Let's turn now to how the engine makes its power.
Your engine wants to make power a certain way in order to be as efficient as possible. Namely, it wants to be run at high load and low RPM conditions, near the point where it will explode in a violent cacophony of metallic carnage. Near—get it? Not AT. Price is Right rules are in effect—you go as close to the line as you can without going over, or you lose. You may have been taught not to "lug" the engine, that it would damage it. This is baloney.
The talented engineers of your non-GM automobile (and the cost reduction specialists who build GMs) do their best (GM: ok, maybe they could do better) to make sure you cannot physically load the engine beyond its mechanical limits. You simply won't be able to hurt the engine by putting too much load on it. Either the engine will stall or something else will give way, so worry not about hurting the engine. Lug away all you can, because it's the way your engine wants to be driven.
Explaining why takes a little geeking on automotive engineering, so bear with me.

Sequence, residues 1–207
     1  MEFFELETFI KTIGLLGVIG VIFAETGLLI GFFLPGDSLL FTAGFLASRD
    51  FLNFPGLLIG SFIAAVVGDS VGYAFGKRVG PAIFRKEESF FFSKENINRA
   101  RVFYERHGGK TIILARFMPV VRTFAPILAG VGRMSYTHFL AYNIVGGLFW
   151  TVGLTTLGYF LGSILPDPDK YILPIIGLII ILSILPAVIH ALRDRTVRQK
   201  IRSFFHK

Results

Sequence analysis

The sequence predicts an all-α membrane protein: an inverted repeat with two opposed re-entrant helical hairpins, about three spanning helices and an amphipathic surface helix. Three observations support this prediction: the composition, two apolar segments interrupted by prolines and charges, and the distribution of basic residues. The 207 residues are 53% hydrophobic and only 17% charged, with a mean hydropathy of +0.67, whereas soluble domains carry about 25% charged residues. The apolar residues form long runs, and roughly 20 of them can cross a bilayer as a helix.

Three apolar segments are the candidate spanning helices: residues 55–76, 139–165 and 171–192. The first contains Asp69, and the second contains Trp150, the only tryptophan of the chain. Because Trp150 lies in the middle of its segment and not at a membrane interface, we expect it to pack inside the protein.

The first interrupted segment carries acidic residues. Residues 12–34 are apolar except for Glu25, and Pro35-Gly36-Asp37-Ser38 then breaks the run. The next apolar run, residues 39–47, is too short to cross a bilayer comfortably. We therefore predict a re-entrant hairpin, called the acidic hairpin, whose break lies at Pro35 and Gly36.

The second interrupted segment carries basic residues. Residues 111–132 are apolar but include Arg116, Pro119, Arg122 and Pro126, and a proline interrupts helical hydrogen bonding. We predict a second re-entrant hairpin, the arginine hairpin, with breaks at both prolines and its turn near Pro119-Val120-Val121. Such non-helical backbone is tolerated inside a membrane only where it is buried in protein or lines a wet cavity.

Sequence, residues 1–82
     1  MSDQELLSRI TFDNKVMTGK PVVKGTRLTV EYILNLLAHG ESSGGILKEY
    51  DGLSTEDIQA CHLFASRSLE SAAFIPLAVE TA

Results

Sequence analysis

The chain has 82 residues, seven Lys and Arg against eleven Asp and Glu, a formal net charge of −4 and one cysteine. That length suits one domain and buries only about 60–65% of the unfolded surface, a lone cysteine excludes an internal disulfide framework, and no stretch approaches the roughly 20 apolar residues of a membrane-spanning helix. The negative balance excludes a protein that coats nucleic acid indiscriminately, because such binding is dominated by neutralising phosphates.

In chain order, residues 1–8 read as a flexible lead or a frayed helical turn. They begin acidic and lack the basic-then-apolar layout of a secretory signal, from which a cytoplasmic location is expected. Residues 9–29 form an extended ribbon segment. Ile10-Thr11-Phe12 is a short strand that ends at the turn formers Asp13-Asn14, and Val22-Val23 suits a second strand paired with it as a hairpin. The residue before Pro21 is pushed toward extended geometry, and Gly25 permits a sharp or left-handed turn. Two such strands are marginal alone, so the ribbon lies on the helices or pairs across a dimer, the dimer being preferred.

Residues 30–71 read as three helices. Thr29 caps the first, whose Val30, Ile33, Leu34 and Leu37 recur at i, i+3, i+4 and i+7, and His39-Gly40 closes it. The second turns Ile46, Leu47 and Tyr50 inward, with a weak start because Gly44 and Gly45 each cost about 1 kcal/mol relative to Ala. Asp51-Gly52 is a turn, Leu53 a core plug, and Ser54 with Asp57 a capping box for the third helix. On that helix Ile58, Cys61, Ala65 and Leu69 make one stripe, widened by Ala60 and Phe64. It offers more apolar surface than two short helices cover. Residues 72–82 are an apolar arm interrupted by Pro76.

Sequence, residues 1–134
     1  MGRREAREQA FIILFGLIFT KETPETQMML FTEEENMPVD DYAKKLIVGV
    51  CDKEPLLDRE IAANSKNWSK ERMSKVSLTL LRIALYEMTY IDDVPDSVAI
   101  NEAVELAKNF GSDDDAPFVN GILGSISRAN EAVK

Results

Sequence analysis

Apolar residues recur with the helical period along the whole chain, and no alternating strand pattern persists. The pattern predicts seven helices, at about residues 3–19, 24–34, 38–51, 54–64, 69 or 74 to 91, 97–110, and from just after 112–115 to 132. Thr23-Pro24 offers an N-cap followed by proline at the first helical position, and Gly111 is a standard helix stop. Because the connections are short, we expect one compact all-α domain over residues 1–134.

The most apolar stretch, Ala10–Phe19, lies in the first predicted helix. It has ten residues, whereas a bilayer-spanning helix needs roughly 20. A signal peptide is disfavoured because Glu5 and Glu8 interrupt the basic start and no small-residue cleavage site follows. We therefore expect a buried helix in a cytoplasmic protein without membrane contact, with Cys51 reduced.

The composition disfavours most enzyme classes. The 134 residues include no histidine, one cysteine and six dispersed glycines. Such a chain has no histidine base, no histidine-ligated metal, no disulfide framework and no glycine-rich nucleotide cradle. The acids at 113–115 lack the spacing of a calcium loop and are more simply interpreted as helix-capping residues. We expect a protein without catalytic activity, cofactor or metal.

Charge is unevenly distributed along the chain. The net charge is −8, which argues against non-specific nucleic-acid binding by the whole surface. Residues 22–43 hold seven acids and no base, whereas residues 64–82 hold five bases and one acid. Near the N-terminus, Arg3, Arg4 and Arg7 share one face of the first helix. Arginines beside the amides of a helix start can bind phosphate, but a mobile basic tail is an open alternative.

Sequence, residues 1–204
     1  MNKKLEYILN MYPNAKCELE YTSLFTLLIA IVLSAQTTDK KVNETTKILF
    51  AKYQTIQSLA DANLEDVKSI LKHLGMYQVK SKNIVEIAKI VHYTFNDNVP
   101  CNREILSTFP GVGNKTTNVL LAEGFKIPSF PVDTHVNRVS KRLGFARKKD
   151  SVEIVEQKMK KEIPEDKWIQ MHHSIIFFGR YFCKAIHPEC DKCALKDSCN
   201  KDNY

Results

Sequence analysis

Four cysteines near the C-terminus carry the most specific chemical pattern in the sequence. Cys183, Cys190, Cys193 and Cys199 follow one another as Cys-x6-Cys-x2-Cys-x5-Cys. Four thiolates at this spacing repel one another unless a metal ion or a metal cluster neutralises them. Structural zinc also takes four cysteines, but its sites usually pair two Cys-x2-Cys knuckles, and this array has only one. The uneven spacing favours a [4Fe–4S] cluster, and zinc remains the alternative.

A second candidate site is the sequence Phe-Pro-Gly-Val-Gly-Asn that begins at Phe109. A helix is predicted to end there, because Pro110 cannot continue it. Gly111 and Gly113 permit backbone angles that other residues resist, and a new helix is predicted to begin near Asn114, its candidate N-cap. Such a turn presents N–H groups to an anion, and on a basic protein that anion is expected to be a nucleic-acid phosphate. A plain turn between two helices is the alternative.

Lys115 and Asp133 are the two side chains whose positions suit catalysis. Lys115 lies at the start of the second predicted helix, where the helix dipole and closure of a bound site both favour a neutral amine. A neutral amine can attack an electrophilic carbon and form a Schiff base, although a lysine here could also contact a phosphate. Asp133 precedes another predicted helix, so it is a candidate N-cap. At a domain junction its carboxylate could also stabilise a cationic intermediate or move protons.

Fuel is power. Air is needed to support combustion in appropriate ratios, but fuel is what makes power. To make the engine as efficient as possible, we need to ensure that the highest percentage possible of potential power (fuel flow into the engine) actually shows up at the transmission as available power.
Unfortunately, there are lots of other things going on in the engine that are trying to steal away the engine's power. The engine is sucking through a throttle, having to do a lot of work to pump air through the engine to support the fuel burning. The engine is driving an oil pump to keep itself lubricated—and a "Water" pump to keep it cool. These are called "pumping losses" because they represent lost power spent pumping air, "water" (coolant), and oil through the engine.
Another class of losses is called "parasitic losses" and they involve everything else that sucks power from the engine. This is the work to open and close the engine's valves. The work to turn the alternator and refrigerant compressors is also a parasitic loss. Frictional losses, like the friction of sliding the piston's rings up and down against the cylinder bore, are also considered parasitic losses.
Conveniently enough, there is a useful proxy that represents all the bad wastes of power in an engine: RPM. Every source of wasted power in an engine goes up with RPM.
Fuel-efficient driving then become a matter of regularly achieving the lowest RPM you can use for the conditions. Because engine RPM is affected so much by the transmission, we'll discuss that next.